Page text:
Summer 2001, a few months before September. I love these songs. I’m grateful to finally make them available to you again. 

I never really know what I’m writing about in the moment. I just follow the river. Stay true. Don’t interfere with what wants to be said. Trust that it will be useful for someone somewhere sometime. I think now these songs were about choices, what happens when we let our darker drivers take the wheel. There’s a lot of death in these songs. Literal and figurative. There’s also a lot of sorrow too. But most of all there’s a want for redemption, a day that breaks with lessons learned and the dark stuff...? Just a passenger. Maybe in the backseat mumbling. Even better in the trunk while you drive to an isolated location to drop ‘em off forever. Somewhere where they can’t even get close to the wheel. 


Please give a listen and share. It helps. I always hoped this album would eventually be rediscovered. Making it available again is the first step. You welcoming it is step two. Everything after that is magic.

More to come. You and yours, stay healthy and smart.


M. Ryan

Busy With More Beauty For You Together Alone... 


Working on more beauty for you guys with some of my closest friends across the wires. Today, a vocal. Yesterday a mix of something else. The back and forth is slow and beautiful. Love the gang I’ve come to know. There’s more to share ahead. And more after that. 

If you love that version of “Heaven...” we offered last week please keep advocating and sharing it. Your words give context and context means everything.

Click the image below to watch the beautiful video my friend (Tom Seirchio) made for Heaven Is a Place on Earth


Again... Always.

M. Ryan

Something Beautiful For You... 


I quietly released a new song for you with the help of some wildly talented and generous friends today. Just below is the video for it. I hope you’ll take a moment and watch and listen. This beautiful video was made by my friend and filmmaker Tom Sierchio. A special thank you to Molly, Neilson, Joe and Hans for their beautiful talents on the music.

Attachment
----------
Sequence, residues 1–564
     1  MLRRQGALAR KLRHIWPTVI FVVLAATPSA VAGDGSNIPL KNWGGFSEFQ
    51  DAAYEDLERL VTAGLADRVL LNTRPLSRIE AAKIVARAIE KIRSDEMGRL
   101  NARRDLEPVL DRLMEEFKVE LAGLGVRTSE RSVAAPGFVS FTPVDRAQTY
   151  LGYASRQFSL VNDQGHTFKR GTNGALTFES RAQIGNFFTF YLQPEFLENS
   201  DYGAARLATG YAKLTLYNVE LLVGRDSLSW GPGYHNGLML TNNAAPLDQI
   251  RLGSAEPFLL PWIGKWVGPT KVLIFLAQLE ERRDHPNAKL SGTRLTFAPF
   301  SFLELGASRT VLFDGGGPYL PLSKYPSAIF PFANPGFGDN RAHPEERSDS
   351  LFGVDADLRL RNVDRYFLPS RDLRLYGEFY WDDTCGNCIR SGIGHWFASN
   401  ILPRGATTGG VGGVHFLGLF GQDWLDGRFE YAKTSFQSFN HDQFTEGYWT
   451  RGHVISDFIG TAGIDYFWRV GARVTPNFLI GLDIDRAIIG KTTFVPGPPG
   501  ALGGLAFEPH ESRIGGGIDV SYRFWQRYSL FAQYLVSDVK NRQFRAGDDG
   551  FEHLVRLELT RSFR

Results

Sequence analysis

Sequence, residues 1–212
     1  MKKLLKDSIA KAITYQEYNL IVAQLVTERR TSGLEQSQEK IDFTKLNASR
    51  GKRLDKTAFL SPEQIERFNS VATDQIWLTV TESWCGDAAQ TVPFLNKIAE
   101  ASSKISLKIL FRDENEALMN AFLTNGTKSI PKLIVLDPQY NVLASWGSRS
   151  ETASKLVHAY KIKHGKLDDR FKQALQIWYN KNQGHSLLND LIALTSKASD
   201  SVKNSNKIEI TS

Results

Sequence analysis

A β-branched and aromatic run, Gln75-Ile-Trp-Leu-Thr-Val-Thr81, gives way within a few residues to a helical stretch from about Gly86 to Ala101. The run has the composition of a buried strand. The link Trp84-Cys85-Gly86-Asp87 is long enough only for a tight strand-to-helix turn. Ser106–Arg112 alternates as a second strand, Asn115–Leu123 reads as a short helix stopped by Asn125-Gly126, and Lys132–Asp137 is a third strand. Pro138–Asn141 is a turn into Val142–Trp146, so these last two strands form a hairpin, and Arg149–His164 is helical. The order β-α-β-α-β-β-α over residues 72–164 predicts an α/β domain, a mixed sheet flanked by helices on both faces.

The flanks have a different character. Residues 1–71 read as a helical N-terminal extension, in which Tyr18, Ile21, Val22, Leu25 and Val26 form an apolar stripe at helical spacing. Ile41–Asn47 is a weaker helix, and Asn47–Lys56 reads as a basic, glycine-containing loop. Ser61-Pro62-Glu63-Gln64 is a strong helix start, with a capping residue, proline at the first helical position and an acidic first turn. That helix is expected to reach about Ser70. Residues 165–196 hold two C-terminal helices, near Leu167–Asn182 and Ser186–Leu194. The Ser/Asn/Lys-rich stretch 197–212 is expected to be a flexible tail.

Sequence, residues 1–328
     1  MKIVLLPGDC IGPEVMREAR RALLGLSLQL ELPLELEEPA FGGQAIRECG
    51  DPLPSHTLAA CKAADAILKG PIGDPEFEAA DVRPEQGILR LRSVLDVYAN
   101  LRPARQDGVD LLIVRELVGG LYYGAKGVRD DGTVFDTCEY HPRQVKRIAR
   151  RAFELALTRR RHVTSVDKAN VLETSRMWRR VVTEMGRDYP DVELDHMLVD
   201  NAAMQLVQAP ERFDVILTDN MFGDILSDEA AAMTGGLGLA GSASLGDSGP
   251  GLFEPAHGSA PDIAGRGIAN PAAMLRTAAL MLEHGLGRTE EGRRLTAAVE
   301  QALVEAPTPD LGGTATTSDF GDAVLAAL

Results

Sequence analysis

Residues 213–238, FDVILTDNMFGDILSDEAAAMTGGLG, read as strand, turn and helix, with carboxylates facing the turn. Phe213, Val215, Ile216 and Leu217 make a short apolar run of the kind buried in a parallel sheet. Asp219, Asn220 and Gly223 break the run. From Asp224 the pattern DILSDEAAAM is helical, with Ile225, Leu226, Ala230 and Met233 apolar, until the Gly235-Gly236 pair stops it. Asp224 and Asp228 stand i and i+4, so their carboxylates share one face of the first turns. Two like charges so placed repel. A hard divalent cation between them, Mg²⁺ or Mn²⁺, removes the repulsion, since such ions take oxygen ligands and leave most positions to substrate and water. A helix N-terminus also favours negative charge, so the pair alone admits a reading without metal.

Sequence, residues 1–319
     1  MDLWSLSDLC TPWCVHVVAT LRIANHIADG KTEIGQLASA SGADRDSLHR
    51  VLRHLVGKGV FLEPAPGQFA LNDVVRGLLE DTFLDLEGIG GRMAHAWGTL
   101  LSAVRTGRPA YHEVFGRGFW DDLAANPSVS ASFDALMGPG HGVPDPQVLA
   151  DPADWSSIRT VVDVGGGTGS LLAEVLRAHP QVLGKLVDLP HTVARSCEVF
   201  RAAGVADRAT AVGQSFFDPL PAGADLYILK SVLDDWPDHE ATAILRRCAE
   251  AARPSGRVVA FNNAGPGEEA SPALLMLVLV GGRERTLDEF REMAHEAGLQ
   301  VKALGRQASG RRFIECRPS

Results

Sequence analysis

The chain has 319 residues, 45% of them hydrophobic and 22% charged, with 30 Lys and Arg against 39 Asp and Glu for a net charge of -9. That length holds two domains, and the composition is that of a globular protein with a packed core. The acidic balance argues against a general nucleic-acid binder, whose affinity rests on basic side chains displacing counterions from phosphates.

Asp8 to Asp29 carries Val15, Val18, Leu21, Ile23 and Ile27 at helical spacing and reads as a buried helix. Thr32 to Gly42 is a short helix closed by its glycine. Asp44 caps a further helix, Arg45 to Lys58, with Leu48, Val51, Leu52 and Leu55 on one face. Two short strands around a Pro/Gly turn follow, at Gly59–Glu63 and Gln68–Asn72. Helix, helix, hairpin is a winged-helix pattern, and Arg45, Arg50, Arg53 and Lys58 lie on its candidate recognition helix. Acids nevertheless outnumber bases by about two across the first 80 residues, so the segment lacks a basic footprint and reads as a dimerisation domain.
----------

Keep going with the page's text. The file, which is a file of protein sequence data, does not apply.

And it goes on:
All respect to Ellen Shipley & Rick Nowels for writing such a beautiful song. And of course to Belinda Carlisle and her strong and beautiful voice that tattooed its melody on all of us.

This was all done remotely and made us feel closer. Give it a look and listen. Please share it if you love it. It’s also available on all the streaming sites. Please consider saving and play-listing it. 

Here it is on APPLE

Here it is on SPOTIFY

Here’s the vid directly on YouTube

And here's the HYPER LINK that guides you to all the streaming sites you can find the song as its made available.

Thank you for listening. Hope you and yours are healthy and staying hopeful.

Be patient. There’s more beauty ahead.


M. Ryan 

2 shows with BLACK FLAG just added! 


As I've said, I'm enjoying being home and writing a new album but have reserved the right to do something that caught my heart. And this is one of those situations. I'm happy to be opening for the seminal punk gang BLACK FLAG for two nights later this month.


Here are the dates:

January 29th at Iron City in Birmingham, AL

January 30th at The Cannery Ballroom in Nashville, TN


Hope you'll join us!


Click the image below for more details and tickets.


The Future Was Beautiful is now available via the streaming sites world-wide! 

Friends & Listeners, 

This is an important note to you regarding The Future Was Beautiful. Please take a moment to read when ya can. 

The Future Was Beautiful is now available worldwide via the streaming sites. 


And on APPLE Music

More to come this afternoon, but first a brief explanation of my intentions: 

The hope was to slow-walk an album out to you this year. It was inspired by the perfect concision of Every Picture Tells A Story. Though musically, a different mood. I hoped allowing time for each song would add up to a different life in this quickness for the work. 

It was a crazy notion. 

I hope you’ll listen now as it was intended, in sequence, each song into the next. 

And here you’ll find The Future Was Beautiful video playlist on YouTube